The conflicts and control of water in California have been the source of political careers, personal fortunes, and Hollywood movies. Water has characteristics of both public and private property. Over the past century, water management and development have shifted from small local institutions to predominately large public agencies. The impetus for changing institutions came from physical, economic, and technical shifts; the implementation was manifest political power.
This chapter presents a brief overview of the physical and economic characteristics of California's Central Valley, followed by a historical overview of economic development in the valley, including water law and the major actors in the development and management of water. Emerging problems in the Central Valley water industry are then presented, and the policy solutions to these problems are developed. These conclusions lead to the prediction that California's water institutions are about to change substantially again.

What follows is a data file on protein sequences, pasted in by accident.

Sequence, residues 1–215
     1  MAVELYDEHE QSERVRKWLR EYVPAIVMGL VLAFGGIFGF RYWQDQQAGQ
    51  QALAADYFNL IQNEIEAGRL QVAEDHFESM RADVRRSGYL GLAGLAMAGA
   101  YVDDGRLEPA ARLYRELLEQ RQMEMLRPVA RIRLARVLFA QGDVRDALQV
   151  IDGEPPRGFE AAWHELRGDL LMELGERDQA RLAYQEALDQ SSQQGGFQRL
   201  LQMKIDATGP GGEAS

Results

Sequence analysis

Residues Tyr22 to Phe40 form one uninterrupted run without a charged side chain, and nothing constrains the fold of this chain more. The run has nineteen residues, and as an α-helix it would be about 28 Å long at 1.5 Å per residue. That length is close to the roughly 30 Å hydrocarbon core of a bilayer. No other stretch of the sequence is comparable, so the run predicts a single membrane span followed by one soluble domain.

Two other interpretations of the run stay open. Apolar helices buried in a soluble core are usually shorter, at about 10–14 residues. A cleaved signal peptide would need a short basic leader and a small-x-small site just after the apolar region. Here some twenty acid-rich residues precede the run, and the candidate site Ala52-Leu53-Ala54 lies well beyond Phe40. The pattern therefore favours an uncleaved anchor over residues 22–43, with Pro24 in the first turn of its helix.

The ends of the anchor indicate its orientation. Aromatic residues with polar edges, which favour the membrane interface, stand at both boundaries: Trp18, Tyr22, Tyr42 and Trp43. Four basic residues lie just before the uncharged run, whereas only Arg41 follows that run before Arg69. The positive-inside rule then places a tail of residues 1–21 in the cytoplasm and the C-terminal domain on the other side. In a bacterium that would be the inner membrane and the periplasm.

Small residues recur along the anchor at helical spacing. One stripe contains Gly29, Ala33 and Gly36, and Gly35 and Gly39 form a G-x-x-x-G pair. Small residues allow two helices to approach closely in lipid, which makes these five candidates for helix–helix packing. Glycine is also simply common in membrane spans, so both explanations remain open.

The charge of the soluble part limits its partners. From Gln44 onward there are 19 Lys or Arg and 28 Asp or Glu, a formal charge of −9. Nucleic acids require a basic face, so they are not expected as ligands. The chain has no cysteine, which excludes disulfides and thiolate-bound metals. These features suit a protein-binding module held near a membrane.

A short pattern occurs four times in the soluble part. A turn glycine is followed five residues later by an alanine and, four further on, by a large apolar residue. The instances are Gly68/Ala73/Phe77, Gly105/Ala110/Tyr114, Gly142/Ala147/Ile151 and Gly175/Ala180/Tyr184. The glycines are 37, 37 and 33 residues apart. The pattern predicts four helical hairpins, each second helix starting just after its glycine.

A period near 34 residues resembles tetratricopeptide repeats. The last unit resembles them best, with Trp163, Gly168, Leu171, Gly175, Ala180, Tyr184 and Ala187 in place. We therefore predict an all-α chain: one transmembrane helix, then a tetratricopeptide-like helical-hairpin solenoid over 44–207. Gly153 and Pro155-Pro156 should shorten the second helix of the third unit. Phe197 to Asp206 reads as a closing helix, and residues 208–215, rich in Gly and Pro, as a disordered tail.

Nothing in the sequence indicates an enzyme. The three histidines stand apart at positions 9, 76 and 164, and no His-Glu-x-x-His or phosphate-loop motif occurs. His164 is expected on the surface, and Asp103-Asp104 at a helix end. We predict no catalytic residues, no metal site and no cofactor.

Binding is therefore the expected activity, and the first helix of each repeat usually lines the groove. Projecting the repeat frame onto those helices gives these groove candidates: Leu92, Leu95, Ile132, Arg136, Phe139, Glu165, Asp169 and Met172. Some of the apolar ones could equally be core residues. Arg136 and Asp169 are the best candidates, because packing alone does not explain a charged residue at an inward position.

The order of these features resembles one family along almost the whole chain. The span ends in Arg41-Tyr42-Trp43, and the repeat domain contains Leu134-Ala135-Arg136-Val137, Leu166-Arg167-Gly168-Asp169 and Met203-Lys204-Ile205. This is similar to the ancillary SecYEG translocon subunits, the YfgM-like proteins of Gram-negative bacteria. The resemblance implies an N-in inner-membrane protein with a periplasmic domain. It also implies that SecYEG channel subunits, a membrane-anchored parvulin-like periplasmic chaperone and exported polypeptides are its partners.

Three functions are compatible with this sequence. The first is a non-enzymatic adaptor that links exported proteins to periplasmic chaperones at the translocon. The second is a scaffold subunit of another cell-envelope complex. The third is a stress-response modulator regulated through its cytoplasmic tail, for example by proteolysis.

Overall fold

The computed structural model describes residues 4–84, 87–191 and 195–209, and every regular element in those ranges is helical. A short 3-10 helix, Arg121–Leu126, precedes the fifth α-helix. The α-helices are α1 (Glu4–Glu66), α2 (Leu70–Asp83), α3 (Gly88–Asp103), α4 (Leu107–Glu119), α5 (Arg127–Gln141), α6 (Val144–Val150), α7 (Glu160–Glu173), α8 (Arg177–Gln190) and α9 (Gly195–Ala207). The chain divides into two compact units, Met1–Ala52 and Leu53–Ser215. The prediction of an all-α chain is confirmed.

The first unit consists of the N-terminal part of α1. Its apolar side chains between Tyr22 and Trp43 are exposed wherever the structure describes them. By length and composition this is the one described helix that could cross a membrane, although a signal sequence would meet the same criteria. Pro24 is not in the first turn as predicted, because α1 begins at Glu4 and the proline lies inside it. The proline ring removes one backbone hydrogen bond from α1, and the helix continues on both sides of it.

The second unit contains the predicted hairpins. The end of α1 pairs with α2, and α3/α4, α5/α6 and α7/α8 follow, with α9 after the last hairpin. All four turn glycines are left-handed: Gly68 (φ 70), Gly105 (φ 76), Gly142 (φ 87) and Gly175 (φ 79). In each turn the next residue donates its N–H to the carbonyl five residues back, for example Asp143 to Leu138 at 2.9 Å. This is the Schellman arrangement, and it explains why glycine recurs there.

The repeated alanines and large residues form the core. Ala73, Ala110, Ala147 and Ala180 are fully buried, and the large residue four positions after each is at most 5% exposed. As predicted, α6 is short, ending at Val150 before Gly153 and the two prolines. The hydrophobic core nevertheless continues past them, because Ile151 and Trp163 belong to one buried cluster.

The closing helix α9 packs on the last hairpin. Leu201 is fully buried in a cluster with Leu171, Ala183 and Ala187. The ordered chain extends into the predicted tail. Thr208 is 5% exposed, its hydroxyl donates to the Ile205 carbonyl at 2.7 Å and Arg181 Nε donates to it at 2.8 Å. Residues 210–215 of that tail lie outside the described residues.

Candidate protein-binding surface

Physical and economic setting
Hydrologically, the Central Valley is divided into three basins, the Sacramento, San Joaquin, and Tulare Lake, based on the drainage areas of rivers and streams. In their unimpaired state, all Central Valley rivers drained to the ocean through the Sacramento–San Joaquin Delta and San Francisco Bay. Owing to reservoir and aqueduct construction, the Tulare Lake Basin is closed, with outflows occurring only in extremely wet years.
Interbasin transfers have concentrated on moving water from the northern half of the state, which receives 75 percent of the precipitation, to the southern half, which receives only 25 percent but contains two thirds of the population.